Sunday, 26 October 2014
This is a complicated regiment as it it did not exist for very long. In 1758, the Garde zu Fuß was twice reorganised. During the second reorganisation, late in 1758, the Garde zu Fuß retained two battalions while its other battalion gave birth to this regiment -the Leibgrenadierregiment which recruited other troops to bring its total force to 3 battalions.
In 1762 and 1763, two battalions were detached from the regiment to form independent grenadier battalions designated Hausgrenadierbataillon and Herzogsgrenadierbataillon. The Leibgrenadierregiment now counting a single battalion was renamed Leibgrenadierbataillon.
So what we see here is the two battalion regiment sometime between 1758-1762.
Another thing that is strange is that Kronoskaf, where these organizational details came from, says that the officers had gold button colour whereas the rank and file had silver despite their brass fronted mitres. Mitre colour always matches button colour so I think the button colour should be brass for all.
Sunday, 19 October 2014
In 1759, von Glasenapp, who had been in Prussian service, offered his services to the duke of Württemberg who was trying to hire light troops. On February 27, 1760, they came to an agreement and he then raised a squadron of 158 hussars on his estate at Holtmuhl. The unit was disbanded on February 7 1761 when the duke of Württemberg retired from the war. Soon afterward, the entire unit entered Prussian service as Glasenapp light dragoons.
The flag is fictional as is the regularity of their uniforms. Kronoskaf says they were badly equipped and they don’t appear to have performed brilliantly in the war
Lastly, the flag is a fictional creation. These Hussars were never issued flags.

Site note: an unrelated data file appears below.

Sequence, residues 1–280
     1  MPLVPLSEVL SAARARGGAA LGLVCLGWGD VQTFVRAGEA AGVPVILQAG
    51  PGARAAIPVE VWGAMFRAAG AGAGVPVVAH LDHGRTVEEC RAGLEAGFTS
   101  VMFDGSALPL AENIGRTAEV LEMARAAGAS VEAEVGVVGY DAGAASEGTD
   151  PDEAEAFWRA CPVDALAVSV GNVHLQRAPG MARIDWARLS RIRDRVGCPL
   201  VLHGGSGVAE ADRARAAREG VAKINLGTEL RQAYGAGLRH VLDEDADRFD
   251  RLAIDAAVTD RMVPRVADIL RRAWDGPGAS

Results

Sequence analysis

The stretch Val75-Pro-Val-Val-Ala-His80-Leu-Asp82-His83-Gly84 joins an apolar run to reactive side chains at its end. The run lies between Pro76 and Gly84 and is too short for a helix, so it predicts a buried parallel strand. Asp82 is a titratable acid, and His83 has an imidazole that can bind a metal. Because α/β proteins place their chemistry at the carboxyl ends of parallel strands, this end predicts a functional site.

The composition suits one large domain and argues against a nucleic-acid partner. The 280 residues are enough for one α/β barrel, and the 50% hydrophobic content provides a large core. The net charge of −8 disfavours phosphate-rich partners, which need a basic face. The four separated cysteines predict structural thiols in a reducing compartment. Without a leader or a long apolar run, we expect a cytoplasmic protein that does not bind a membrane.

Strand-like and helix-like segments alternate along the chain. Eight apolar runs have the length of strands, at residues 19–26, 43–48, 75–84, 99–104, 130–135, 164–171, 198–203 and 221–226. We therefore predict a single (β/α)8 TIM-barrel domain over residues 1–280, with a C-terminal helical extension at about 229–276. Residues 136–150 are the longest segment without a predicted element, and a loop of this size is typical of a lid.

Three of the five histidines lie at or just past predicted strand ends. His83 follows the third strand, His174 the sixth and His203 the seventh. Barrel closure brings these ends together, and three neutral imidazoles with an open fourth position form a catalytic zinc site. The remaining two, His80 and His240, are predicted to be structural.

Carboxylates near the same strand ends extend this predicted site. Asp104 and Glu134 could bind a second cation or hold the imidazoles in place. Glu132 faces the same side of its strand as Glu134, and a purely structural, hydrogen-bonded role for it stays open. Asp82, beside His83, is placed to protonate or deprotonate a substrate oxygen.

Sunday, 12 October 2014
Back again after a long break. That's because I've moved to Thailand and I'm posting this from the beautiful tropical island of Koh Samui. I've rented a house here and will be spending part of the year here and part of it back in France. So the last few months have been spent moving painting stuff and looking for a place to live. This is a tourist island so if you are in the area, say hello.
Back to painting. This is the first unit painted under these sunny skies and I'm back on familiar ground with Luckner's Hussars, a unit I painted back in February 2009. Last time I used Eureka 28mm figures, this time I've used Foundry Hussars and I must say these are lovely figures, full of character, and a sense of movement. As usual with Foundry, there is quite a lot of flash on the horses but once that has been cleaned up, they paint up nicely. This uniform was, by the way, the later and more well-known uniform with white and red being the dominant colours – the earlier uniform is rarely illustrated and was green and red. On that posting back in 2009 there is also a useful biography of Luckner himself – a man who rose to become a Marshal of France and lost his head, literally, in the Revolution.
Next week, and for quite a few weeks thereafter, I will be embarking on a large project – the Wurttemberg army of the SYW.
Saturday, 21 June 2014
There will be a pause now on this blog as real life gets in the way of painting! More news soon................
as is often the case in the later Foundry ranges but, if you want dismounted dragoons, there are not many options available. Nonetheless they look half-decent when painted up and are quite useful in a French army of the period as dragoons were often found without their horses. Besides being useful because they were trained to have a role 'on foot', they were often dismounted so as to give their horses up to their more distinguished cavalry brothers.